Looking out the window of our house in Brillo Nuevo, I see the rain falling hard on the nearby caimito tree. The fruits seem ready to fall with each drop that hits their surface while the branches dance freely in the wind. "It's a good rain," says my co-worker, Yully, as she peeked out the other window. "Yes," I answer simply. "A good rain," she adds with a slight smile before returning to the table where she is organizing her work for the coming days.
A good rain ...
I think about her words. Somehow rain can be a kind of cleansing. Water can of course wash a Surface. In recent months, though, so many things have happened in the communities and in our lives that is good to have a metaphorical good rain to wash away the heavy loads we have been carrying and give us a chance to continue.
Continue or perhaps its stronger form persevere is the sentiment and action I have witnessed in recent months. I have interviewed many people from Amazon communities in the past few months, and I want to hear stories from more. The rain reminded me of my recent conversation with Franco, a young Bora native entrepreneur from the village of Puca Urquillo.
Franco's voice broke with emotion when he shared his experience getting COVID. "When I got sick, I got very scared. I suffered just trying to breathe. I needed oxygen, but where was I going to get it? There was none in our community and I would get some even if I went to Pebas. It was horrible. The only thing I could do was stay at home and endure. I would need to do my best with the medicinal plants my family got me. I felt that I was going to die at any time. I wasn’t hungry, but I had to eat. I had no energy, but I had to carry on. I wanted to cry all day, but I had to be strong. I did not let my mother get close because I didn’t want her to catch the virus from me. My wife looked after me, but she was afraid she would end up just as bad as me. It was a nightmare. I had always been healthy through my twenties, but now I was fighting a damn illness that could kill me. It was a horrible, horrible nightmare ".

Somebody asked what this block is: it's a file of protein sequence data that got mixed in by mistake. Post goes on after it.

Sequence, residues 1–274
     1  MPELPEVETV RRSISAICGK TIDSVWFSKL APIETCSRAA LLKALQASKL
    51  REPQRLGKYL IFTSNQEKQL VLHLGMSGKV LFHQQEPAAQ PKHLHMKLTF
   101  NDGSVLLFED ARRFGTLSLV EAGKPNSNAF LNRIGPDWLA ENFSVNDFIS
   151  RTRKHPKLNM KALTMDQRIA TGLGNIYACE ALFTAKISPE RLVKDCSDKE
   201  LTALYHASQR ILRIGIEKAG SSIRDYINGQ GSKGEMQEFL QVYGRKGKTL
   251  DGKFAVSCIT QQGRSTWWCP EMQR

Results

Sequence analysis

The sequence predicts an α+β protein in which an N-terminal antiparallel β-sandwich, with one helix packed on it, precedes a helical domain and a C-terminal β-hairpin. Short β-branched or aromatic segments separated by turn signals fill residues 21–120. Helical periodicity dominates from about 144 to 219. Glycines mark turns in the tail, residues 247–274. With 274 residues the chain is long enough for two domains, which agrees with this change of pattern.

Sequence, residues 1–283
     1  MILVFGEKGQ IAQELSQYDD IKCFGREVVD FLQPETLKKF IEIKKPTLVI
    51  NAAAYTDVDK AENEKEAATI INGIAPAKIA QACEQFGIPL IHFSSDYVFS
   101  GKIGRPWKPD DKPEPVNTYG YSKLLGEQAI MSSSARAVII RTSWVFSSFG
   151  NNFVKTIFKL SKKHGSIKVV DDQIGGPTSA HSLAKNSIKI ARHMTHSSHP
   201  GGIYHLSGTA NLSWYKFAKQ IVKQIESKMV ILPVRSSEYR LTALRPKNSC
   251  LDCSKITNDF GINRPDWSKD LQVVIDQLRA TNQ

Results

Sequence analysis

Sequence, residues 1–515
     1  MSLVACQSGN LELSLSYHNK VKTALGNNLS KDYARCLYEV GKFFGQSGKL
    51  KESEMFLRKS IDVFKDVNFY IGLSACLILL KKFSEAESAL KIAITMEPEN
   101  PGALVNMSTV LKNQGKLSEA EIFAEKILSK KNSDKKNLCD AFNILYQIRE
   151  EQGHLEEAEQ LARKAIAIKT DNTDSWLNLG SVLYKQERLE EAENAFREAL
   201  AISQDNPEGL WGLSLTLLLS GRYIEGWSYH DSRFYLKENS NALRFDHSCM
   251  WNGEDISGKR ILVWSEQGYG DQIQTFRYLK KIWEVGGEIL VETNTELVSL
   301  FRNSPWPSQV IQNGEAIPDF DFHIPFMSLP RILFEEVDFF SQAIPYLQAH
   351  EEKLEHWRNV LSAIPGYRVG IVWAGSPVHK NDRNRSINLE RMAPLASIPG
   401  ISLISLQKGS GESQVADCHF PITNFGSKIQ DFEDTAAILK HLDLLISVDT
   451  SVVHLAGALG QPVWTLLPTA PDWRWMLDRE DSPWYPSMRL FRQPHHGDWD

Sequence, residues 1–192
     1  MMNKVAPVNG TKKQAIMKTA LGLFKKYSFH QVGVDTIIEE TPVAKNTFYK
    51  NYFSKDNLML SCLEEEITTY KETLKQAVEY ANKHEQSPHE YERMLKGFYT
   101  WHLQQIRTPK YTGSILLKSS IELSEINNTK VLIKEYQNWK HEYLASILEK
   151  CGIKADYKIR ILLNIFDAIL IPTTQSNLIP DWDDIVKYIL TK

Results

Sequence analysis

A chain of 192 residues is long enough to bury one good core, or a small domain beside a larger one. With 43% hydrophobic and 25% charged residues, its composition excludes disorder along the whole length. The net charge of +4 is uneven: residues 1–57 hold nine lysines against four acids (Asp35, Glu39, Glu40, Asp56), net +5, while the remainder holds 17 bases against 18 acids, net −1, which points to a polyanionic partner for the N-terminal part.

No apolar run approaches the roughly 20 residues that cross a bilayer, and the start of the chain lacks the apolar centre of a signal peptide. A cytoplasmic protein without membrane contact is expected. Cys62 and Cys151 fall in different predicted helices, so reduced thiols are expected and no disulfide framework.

But Franco recovered. He got better and recovered his smile.
Other people told me their personal odysseys as well. When we met with the artisans from Brillo Nuevo, we discussed their craftmaking and workshops we hoped to resume. At the end of that meeting, we shared some thoughts about the recent months, and the women smiled. It amazed me that in spite of everything they had gone through, they seemed able to smile. They smiled and joked with their hope intact. They have adapted to the reality of the pandemic. They have started to make crafts again and continue their routine of life in the forest. They have not, however, forgotten what the past months have meant.
While Malvina sat weaving, she told us her COVID story: "I got sick first, and then so did my husband Javan. He still went to our field to harvest crops to make food for us. Even though he felt very bad, he forced himself to carry on and take care of me because I had to stay in bed. He was very attentive to me and brought me my chambira so I could at least weave a little. When I began to feel better, he let himself fall into bed, and I took care of him. This is how we passed through this illness, one looking after the other, and taking care of each other. "
I heard other stories similar to Malvina’s at the April meeting of FECONA – the federation that represents 14 native communities near the Ampiyacu River. We talked about our activities in the region that included sending medicines and food supplies to people thanks to the generous support from the Sisters of Mercy, other groups and many individual friends. I do not exaggerate when I say that the communities shared their heartfelt appreciation for this support and wanted us to be sure to share their thanks with the people who made this possible. I add my sincere thanks to theirs; you made more of a difference than you can imagine.
Franco - COVID survivor from Puca Urquillo Bora
Ania - Bora artisan from Brillo Nuevo.
Mother and daughter looking at rain in Nuevo Peru
Alejandrina - Bora artisan from Brillo Nuevo
Casilda - Bora artisan weaving chambira trivet
CACE house in Bora native village of Brillo Nuevo